To be eligible, an employee:

  • must not have three (3) or more hours before their shift begins or after their shift ends in which to vote while polls are open, and
  • request the paid voting leave by twelve o’clock (12:00) noon on the day prior to the vote or election.

Texas

Texas law [276.004] requires an employer to provide an employee with paid time off to vote if the employee does not have two (2) consecutive hours outside their scheduled work hours in which to vote while polls are open.

An employer that fails to provide the paid voting leave to an employee as required commits a Class C misdemeanour.

 

Utah

Utah law [20A-3-103] requires an employer to provide an employee with up to two (2) hours paid time off to vote if the employee does not have three (3) or more consecutive off-duty hours in which to vote while polls are open. An employer may dictate when an employee may take paid voting leave.

An employer that fails to provide an employee paid voting leave as required commits a Class B misdemeanour.

Vermont

Vermont does not have a law that requires an employer to grant its employee leave, paid or unpaid, to vote.

Virginia

Virginia does not have a law that requires an employer to grant its employees leave, paid or unpaid, to vote.

Virginia law [24.2-118.1] requires an employer to provide an employee time off to serve as an election officer if the employee has given reasonable notice of the need for leave. The leave does not need to be paid, however, an employer may not require an employee that takes time off to serve as an election official to use vacation or sick leave.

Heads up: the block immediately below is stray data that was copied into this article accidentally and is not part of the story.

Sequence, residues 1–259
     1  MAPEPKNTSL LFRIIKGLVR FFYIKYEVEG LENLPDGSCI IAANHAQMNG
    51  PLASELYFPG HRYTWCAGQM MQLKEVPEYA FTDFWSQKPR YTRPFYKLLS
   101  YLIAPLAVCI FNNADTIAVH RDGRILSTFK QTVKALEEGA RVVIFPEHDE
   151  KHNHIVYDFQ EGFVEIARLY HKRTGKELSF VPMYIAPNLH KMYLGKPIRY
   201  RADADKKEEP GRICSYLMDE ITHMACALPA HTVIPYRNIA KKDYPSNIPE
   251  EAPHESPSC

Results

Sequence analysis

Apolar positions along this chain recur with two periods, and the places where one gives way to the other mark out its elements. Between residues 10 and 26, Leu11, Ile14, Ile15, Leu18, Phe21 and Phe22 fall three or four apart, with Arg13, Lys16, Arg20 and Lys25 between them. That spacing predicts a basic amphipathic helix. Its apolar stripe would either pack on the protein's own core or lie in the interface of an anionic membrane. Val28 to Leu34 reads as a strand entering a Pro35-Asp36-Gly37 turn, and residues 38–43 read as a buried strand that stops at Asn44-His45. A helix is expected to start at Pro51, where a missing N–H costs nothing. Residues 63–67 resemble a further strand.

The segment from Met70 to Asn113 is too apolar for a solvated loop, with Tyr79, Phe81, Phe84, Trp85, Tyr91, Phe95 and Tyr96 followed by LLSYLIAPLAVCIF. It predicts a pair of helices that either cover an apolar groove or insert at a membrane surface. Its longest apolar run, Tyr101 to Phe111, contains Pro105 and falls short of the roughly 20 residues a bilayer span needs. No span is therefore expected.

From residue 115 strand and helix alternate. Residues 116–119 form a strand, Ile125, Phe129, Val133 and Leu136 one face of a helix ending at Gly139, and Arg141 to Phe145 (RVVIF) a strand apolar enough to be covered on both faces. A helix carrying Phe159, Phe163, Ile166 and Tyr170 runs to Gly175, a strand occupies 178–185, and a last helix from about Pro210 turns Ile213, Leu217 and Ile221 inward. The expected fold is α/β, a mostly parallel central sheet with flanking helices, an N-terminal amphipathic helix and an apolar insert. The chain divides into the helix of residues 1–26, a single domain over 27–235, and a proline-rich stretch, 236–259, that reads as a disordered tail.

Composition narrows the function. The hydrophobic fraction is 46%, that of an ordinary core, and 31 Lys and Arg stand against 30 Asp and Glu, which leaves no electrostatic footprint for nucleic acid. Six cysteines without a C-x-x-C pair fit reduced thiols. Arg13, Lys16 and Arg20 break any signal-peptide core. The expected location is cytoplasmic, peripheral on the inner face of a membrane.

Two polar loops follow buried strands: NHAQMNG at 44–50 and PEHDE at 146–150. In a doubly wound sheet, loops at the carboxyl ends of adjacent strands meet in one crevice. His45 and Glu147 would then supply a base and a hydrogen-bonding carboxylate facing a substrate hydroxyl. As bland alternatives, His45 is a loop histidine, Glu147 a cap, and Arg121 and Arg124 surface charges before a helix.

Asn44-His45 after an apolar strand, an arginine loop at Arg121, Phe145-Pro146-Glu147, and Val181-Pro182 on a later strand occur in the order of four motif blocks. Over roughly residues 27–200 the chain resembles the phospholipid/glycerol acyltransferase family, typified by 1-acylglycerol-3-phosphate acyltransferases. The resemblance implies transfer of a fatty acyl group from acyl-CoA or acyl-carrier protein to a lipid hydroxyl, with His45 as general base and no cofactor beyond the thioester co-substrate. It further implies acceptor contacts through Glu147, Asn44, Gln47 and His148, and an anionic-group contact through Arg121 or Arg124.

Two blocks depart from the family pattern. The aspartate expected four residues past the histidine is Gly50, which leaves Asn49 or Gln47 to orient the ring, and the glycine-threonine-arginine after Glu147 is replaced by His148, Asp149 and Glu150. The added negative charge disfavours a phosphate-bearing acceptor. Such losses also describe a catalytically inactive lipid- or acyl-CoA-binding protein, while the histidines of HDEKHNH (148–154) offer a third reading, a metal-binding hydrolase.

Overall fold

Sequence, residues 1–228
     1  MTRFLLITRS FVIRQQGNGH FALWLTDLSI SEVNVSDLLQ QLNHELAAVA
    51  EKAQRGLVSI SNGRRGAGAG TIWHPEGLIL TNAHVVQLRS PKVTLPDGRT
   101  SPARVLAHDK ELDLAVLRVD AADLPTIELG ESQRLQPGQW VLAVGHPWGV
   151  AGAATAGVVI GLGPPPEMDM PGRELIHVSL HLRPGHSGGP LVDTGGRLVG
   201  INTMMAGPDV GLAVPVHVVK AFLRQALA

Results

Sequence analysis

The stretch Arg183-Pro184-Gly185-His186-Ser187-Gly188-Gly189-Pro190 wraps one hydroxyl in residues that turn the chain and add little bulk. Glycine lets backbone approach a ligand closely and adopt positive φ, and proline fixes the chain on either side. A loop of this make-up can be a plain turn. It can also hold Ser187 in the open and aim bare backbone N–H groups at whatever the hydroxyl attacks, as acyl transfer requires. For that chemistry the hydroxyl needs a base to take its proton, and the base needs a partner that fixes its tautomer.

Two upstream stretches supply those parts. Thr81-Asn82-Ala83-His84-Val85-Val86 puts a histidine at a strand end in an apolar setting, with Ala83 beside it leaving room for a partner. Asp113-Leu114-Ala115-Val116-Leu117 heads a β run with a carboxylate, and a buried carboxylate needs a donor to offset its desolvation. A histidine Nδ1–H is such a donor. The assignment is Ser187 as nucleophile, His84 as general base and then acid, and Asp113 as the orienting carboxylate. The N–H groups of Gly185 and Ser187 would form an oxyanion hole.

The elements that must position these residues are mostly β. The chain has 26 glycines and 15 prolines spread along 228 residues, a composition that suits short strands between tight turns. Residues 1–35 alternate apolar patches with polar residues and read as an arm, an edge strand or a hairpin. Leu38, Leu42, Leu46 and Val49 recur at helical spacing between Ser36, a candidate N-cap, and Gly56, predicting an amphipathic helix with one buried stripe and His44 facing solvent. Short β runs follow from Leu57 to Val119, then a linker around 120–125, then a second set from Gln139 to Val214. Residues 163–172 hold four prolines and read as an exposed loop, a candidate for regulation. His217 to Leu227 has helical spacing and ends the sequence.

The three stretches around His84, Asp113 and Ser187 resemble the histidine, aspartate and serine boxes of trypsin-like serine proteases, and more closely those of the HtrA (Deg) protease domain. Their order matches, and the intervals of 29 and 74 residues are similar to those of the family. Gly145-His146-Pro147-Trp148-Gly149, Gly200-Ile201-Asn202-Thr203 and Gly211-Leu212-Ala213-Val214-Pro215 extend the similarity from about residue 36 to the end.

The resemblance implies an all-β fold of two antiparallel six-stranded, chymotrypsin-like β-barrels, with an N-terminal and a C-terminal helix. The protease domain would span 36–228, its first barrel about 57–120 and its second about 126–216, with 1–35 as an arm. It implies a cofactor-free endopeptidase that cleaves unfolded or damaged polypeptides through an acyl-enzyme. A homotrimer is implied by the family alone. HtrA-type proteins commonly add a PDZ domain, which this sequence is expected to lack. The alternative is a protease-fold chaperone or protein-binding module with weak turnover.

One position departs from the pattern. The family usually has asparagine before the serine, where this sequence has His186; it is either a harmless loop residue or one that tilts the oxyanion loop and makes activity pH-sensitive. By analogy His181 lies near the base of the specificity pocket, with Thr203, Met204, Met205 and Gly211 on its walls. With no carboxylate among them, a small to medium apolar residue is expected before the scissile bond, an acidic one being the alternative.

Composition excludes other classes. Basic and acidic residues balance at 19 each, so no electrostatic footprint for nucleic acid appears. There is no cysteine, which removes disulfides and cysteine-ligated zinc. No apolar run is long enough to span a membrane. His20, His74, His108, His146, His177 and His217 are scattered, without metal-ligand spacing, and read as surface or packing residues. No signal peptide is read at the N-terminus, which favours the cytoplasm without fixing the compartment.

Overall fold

If an Employee serves as an election officer for four (4) or more hours, including travel time, on a given day, he or she may not be required to start a shift that begins on or after 5:00 p.m. on the day of service as an election official or after 3:00 a.m. on the day following the day of service.

An Employer that fails to permit an employee to take time off to serve as an election officer commits a Class 3 misdemeanour.

Washington

Washington does not have any laws that require employers to provide employees paid or unpaid time off to vote.

West Virginia

West Virginia  [3-1-42] law requires employers to provide an employee with up to three (3) hours of paid leave to vote so long as the employee has requested the time off to vote in writing three (3) days before to the day of the election or vote. Employers are not required to provide paid leave to vote to employees who have three (3) hours of off-duty time to vote while polls are open but voluntarily choose not vote.

In essential government, health, hospital, transportation and communication services and in production, manufacturing and processing works requiring continuity in operation, an employer may arrange employees’ schedules on the day of an election or vote so as to cause the least amount of interruption to business operation as possible. Such an employer must ensure, however, that each employee has sufficient time to vote while polls are open.

Wisconsin

Wisconsin law [6.76] requires an employer to provide an employee up to three (3) hours of time off to vote if the employee request the leave prior to the day of the vote or election. The voting leave does not need to be paid. An employer may dictate when an employee takes voting leave

Wyoming

Wyoming law [22-2-111] requires employers to provide an employee with one (1) hour of paid leave to vote in a primary, general, or special election to fill a seat for the United States Congress, if the employee does not have three (3) or more consecutive off-duty hours in which to vote while polls are open. An employer may dictate when an employee takes paid voting leave.